These days it's hard to escape the constant intrusion of screens and media content on our daily life. We frequently encounter news stories warning us of the harmful effects associated with prolonged media use. So how do we begin to find balance in a technologically saturated society?
That's where media literacy comes into play.
But what is it?
As you can see, media literacy involves a broad spectrum of media-based skills. Media literacy starts with its availability within our lives and how we access media content. This includes apps, games, news, music, entertainment, e-books, videos, social media, and more, all available with the touch of a button.
One of the first steps in combating the negative effects associated with media use involves paying attention to how and why we use media throughout our day. But it’s not just about policing, reducing and/or eliminating media use.
Let me explain.
Media literacy involves developing our own understanding about media content and use. If we as parents, caregivers, and/or educators don’t actively include children in this process, then how will they learn about media? Kids learn a great deal about their environment through social models, so whether we realize it or not, we are already teaching kids about media content and use through our own media behavior.
Why not actively include them in the process, shedding light on why we make the media decisions that we do? Better yet, why not involve them in the decision-making process?
As the topic of media use becomes more prevalent in our social discourse, so too does its inclusion in children’s books. Here are two of my favorite books to start conversations with kids about media use.
“Sidewalk Flowers” by JonArno Lawson and Sydney Smith is a simple story, beautifully illustrating a young girl’s observations as she walks home with her father.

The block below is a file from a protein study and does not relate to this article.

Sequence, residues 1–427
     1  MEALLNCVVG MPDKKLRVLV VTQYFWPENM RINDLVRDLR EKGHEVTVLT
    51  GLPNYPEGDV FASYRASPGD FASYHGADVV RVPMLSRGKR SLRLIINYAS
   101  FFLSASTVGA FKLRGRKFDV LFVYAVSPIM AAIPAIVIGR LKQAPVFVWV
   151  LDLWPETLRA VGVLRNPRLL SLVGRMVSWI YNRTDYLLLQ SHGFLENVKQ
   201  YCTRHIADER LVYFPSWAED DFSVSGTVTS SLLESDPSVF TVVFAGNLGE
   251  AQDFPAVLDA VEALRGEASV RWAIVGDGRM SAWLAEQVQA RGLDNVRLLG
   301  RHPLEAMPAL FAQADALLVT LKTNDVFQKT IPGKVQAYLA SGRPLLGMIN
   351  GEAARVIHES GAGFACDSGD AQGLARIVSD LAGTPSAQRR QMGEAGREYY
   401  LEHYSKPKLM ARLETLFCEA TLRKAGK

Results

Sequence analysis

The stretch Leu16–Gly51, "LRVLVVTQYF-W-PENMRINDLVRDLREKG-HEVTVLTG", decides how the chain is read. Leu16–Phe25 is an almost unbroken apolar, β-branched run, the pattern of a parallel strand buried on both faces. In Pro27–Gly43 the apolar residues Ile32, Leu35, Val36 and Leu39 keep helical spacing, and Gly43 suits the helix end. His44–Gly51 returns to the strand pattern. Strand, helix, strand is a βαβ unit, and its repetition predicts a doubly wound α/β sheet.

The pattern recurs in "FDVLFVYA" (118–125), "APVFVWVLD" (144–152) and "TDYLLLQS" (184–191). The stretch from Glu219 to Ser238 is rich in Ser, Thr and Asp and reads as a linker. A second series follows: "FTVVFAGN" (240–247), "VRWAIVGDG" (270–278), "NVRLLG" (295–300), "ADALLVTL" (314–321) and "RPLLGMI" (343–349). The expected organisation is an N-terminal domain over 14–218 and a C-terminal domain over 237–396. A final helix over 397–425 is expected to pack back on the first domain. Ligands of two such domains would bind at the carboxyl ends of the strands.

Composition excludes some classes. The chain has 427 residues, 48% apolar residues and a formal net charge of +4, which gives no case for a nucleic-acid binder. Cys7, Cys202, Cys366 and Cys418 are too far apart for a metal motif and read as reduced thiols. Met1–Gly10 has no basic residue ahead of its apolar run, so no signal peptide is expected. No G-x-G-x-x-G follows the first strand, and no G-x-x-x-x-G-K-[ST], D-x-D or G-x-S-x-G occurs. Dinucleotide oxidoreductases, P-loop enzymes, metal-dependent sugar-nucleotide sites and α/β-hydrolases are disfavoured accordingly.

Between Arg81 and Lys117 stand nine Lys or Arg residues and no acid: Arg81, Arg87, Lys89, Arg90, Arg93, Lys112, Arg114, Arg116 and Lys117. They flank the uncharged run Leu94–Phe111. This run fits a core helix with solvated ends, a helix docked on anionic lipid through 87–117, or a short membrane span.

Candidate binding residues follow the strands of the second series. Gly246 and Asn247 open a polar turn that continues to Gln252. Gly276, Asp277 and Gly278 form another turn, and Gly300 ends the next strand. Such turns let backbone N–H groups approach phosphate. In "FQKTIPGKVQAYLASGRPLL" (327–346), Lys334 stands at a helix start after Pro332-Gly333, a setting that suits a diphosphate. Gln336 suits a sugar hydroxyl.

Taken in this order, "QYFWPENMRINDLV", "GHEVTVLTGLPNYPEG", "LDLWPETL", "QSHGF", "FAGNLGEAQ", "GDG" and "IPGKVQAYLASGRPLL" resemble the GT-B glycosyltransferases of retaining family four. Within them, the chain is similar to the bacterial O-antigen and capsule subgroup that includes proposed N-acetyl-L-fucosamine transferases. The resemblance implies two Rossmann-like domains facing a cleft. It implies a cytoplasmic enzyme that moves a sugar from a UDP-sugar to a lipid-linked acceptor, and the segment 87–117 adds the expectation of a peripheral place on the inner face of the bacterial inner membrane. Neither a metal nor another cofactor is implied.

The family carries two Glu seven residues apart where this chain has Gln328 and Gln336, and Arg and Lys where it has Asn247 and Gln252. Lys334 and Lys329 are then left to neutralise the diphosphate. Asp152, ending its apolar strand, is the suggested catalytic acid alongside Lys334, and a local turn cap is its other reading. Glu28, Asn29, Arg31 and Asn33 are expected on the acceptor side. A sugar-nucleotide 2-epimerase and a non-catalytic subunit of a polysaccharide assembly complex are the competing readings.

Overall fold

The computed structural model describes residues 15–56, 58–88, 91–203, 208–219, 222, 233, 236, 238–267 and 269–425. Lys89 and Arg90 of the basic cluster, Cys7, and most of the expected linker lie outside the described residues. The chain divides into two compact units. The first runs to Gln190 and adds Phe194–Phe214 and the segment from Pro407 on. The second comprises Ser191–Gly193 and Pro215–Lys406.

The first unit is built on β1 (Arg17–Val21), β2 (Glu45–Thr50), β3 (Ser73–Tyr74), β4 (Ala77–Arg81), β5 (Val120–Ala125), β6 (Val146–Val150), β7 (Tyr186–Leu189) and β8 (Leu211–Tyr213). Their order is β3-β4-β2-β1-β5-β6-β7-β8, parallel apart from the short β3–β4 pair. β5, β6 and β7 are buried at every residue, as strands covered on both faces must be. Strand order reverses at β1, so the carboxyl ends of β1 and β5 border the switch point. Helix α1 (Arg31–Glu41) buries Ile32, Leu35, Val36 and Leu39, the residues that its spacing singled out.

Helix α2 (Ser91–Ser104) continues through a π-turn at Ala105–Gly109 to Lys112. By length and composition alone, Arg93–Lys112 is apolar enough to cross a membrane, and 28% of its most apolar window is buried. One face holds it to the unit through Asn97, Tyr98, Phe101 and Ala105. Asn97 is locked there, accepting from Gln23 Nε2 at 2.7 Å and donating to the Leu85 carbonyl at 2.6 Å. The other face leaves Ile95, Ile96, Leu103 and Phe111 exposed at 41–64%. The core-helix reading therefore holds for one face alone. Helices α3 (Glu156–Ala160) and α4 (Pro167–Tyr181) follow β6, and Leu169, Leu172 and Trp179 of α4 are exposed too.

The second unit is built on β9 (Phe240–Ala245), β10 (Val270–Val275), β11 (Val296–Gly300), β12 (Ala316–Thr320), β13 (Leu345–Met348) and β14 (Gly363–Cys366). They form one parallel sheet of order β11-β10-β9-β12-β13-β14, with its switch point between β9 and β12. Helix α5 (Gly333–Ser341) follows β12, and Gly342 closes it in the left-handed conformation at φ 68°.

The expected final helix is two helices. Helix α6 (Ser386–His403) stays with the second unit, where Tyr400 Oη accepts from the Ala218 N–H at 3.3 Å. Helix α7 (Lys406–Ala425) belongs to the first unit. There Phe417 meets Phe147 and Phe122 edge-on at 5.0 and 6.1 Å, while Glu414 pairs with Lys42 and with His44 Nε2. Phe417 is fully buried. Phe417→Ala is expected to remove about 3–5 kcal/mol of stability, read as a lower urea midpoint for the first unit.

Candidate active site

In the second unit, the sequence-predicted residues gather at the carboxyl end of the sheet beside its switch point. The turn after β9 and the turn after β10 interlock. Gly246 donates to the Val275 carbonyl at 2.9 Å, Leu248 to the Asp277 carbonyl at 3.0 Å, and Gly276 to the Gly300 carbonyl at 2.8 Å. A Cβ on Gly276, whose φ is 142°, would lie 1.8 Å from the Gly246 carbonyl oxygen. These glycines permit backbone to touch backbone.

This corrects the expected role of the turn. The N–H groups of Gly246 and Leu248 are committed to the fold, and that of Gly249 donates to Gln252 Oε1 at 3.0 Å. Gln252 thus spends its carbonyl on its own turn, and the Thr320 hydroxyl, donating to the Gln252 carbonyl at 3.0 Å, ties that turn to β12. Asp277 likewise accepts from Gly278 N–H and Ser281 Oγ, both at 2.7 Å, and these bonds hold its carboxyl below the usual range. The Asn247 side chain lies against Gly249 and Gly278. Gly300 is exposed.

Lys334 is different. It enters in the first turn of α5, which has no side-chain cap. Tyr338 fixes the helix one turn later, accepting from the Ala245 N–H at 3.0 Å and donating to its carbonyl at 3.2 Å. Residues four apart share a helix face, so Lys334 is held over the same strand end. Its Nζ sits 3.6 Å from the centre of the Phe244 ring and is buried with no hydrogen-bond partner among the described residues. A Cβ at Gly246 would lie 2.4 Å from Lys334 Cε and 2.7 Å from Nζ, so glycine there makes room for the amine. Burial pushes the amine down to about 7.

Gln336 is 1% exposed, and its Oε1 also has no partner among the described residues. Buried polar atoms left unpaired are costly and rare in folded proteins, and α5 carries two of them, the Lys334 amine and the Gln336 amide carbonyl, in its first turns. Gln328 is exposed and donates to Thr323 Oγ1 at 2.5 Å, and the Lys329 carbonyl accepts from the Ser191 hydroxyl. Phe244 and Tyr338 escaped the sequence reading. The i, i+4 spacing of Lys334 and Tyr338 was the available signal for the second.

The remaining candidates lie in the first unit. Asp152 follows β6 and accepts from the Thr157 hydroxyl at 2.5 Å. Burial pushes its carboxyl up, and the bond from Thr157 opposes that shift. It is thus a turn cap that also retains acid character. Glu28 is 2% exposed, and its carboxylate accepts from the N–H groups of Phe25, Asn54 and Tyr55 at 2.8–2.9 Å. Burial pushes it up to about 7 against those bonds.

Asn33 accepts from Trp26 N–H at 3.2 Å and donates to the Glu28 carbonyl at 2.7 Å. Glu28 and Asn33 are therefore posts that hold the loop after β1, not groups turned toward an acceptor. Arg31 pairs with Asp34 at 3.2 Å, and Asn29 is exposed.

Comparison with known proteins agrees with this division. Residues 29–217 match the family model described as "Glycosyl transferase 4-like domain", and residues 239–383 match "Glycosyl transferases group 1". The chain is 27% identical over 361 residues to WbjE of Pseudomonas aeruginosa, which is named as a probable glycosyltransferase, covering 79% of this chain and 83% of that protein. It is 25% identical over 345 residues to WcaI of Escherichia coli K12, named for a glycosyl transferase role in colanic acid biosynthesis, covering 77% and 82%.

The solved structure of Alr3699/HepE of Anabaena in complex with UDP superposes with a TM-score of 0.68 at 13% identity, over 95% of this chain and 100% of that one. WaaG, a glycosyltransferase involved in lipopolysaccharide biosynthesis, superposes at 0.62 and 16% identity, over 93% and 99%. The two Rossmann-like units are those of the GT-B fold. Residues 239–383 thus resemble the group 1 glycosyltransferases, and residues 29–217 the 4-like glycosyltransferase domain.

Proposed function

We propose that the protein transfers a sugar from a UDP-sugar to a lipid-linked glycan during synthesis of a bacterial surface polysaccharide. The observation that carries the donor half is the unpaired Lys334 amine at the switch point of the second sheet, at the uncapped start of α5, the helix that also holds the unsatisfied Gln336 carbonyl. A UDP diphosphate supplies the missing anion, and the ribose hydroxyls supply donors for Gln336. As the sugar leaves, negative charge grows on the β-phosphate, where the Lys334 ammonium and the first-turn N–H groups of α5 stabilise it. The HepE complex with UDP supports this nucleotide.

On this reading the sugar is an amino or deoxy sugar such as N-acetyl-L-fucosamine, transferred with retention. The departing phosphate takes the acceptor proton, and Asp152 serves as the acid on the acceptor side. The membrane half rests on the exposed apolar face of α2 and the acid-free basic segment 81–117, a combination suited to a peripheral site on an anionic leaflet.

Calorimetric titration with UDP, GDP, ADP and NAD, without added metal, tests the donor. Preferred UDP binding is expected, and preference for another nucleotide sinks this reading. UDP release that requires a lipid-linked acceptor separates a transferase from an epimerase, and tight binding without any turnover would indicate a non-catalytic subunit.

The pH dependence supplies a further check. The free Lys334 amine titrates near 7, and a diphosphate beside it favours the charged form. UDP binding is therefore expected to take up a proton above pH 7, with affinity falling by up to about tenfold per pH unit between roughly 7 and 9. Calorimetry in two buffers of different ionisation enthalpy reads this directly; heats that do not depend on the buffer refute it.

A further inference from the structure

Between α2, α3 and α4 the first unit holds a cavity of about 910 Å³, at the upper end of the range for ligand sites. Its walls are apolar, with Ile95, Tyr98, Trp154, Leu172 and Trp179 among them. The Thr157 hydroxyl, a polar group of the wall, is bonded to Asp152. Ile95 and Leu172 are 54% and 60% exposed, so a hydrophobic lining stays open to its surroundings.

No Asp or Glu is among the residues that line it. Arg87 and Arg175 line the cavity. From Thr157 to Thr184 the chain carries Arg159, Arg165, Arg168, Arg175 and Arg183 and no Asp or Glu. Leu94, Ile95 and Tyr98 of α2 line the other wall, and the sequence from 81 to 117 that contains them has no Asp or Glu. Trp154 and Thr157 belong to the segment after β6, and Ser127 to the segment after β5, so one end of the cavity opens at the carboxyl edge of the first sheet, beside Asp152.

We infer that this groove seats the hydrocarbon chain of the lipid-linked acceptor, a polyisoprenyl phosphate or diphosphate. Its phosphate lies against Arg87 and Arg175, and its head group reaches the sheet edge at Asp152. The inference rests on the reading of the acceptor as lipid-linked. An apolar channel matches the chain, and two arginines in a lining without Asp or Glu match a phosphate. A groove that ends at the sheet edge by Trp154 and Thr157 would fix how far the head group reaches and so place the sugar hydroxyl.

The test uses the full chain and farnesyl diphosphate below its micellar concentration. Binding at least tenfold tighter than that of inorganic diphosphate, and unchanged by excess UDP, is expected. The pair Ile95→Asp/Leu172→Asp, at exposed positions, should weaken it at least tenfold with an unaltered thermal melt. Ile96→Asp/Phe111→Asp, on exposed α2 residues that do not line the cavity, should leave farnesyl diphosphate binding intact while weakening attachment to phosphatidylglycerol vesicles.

Although a majority of the book is illustrated in black and white, bright splashes of color highlight the simple but memorable items and events capturing the young girl’s attention. However, instead of sharing these experiences with his daughter, the father is talking on his cell phone, oblivious to her finds along the way.
What’s the take-away message: When we take the time to “stop and smell the flowers” just beyond the edge of our technological devices, the smallest of things can spark our interest and intrigue, leaving long-lasting impressions.
As adults, it’s easy to think we can squeeze in “one more thing,” but we forget that this always comes at the expense of something else. For kids, technology doesn’t have to be the only source of entertainment. If we pay attention to the world around us, we just might find the most unexpected and interesting things along the way.
Bottom line… this is a great book to spark adult-child conversations about the world around us.
Jamie Lee Curtis’ books never fail to engage young readers in stories of social-emotional importance. And her latest book, “Me, Myselfie, and I” is no exception.
This cautionary tale explores the world of selfies, but not through the lens of the selfie-generation - instead among adults and a mom in particular who has a little too much fun with her newfound enthusiasm for selfies and social media. The story’s major take-away message is that no matter how young or old you are, everyone can have fun with technology, but we all need to balance fun with technology with the fun of face-to-face interactions with family and friends.
Bottom line… This is a great story to foster parent-child discussions about technology use, thinking about when to use technology, how we use technology, and the disconnect between social reality and the perfect lives we see posted on social media.
What are your favorite books to foster conversations about media use and media literacy?